He is nameless, faceless, thoroughly anonymous. Just a simple bar on a graph in a government report.
A statistical outlier.
Scan to the right, and you pass a series of zeroes over ages 11, 12, 13. Then a clump of teen suicides – all of them tragic, yet not so much as that solitary bar off to the left.
Was he an outlier in life, too, as alone with whatever sadness or circumstance lead him to this as his remote spot on the chart suggests?
I had pulled up annual report of Chief Medical Examiner of Virginia looking for data on alcohol related deaths. I paged through dozens of charts, graphs, maps before coming to “Suicide Deaths of Children” on page 84.
And there he was.
The questions rushed up to me: Who was he? Whose child was he? What could make a 10-year-old so unhappy as to think, at that tender age, that there was no need to go on? What about the poor parents, or whoever cared for him? Somewhere, there’s a mother, a father, a grandparent, a brother, a sister, a teacher, a neighbor, a friend, wondering what they missed. Could they have done more?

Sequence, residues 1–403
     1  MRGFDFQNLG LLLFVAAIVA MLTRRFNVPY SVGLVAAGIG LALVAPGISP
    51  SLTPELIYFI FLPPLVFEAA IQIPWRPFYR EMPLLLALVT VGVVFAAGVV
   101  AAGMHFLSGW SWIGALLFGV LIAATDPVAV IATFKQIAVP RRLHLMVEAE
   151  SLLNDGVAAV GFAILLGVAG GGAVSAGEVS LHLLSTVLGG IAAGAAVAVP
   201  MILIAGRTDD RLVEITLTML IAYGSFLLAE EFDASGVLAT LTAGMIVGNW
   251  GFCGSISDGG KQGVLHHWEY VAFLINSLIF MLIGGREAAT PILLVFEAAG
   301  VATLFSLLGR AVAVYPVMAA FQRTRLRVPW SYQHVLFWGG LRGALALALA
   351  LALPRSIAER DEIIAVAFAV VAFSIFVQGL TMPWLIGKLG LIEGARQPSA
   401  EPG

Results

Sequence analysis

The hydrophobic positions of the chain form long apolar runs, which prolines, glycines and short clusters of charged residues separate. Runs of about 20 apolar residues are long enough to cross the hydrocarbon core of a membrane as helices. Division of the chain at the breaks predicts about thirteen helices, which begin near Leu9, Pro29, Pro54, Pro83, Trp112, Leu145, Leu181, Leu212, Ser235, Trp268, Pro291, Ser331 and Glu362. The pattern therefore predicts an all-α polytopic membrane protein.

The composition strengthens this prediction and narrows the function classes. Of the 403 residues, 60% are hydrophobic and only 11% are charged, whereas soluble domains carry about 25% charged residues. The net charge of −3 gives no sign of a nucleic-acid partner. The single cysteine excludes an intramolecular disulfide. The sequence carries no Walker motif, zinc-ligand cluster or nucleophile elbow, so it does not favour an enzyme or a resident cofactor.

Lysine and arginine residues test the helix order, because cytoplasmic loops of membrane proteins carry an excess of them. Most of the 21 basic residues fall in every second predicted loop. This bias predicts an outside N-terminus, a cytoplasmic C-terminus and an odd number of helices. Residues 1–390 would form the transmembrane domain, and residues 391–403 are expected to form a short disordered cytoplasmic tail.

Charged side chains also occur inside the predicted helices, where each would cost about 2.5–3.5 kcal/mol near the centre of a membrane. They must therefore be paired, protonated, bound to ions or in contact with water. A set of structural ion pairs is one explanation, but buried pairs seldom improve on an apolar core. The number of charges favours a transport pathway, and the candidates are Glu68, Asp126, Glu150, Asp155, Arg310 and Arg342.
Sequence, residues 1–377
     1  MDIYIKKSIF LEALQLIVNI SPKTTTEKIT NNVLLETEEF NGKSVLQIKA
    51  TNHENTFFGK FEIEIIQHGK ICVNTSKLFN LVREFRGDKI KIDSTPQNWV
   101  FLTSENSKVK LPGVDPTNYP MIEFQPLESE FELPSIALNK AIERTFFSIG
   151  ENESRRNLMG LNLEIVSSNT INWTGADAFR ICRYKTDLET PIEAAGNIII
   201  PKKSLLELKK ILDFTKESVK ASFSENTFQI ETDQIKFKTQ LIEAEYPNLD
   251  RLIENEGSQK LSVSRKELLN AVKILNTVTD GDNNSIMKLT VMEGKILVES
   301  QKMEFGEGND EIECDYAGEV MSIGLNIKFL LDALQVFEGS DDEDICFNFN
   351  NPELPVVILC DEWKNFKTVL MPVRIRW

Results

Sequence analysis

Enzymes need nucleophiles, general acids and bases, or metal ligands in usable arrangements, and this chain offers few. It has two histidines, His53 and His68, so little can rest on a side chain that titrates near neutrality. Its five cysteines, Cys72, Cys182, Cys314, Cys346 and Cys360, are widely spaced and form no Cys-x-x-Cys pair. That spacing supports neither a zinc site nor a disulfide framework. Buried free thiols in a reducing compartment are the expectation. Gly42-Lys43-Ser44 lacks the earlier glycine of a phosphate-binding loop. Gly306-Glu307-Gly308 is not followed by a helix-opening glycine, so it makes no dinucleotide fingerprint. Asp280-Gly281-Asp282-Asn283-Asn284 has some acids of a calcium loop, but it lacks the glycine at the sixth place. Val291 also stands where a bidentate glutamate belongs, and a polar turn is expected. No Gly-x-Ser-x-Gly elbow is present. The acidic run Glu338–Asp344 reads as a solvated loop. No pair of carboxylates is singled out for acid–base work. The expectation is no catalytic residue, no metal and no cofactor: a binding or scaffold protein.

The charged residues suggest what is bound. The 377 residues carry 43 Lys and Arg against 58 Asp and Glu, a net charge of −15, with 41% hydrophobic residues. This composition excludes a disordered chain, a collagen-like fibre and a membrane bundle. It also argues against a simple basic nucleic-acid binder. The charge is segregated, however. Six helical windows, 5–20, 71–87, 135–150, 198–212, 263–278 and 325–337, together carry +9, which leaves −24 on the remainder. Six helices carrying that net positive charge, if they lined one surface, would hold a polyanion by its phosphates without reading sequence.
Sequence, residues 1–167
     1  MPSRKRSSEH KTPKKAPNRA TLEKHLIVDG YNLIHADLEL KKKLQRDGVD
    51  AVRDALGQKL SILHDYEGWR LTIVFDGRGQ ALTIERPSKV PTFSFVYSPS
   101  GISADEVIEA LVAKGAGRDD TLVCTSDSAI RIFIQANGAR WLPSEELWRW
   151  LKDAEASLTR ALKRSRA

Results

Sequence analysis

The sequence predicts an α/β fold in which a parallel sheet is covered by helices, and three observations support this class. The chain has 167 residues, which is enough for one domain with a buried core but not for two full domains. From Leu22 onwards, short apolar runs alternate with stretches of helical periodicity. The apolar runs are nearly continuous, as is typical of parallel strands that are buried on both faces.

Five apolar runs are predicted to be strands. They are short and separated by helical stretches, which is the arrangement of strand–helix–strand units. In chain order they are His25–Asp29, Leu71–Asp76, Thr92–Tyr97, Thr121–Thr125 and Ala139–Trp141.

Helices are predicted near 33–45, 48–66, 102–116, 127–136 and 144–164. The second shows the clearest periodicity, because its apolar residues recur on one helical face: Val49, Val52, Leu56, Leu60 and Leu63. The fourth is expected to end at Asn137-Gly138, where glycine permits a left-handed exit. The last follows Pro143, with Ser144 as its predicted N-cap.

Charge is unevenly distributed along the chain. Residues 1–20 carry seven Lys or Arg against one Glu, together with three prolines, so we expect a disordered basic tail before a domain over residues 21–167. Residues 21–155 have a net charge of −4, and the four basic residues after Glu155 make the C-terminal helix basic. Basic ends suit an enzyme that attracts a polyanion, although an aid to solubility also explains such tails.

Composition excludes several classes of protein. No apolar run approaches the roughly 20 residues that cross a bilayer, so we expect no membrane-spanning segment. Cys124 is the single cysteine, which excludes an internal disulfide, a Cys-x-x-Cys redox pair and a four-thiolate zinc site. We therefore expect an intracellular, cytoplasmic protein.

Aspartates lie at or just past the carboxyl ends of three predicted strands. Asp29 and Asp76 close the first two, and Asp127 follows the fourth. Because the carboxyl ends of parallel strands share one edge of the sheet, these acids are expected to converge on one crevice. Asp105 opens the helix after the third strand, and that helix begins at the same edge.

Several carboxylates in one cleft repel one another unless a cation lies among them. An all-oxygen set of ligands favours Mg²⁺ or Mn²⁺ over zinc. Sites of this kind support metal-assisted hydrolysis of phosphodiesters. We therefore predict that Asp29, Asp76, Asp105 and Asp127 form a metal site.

There’s only my wondering, and not much else to know in the report. He was one of 19 child suicides that year. I could guess at how he died. Most likely it was by gunshot or hanging. Those methods account for all but three of the child suicides that year. One inhaled a toxic agent, one jumped from a high place, one drowned.
I have a 10-year-old. My wife teaches 10-year-olds. Ten-year-olds don’t do these things.
Well, they do. Remember Aquan Lewis? A little more than a month ago, he was found hanging by his shirt collar on a hook in a bathroom at Oakton Elementary School in Evanston, Ill. Investigators found his footprint on a toilet. A coroner ruled the death a suicide.
He was in the fifth grade.
I have a fifth grader.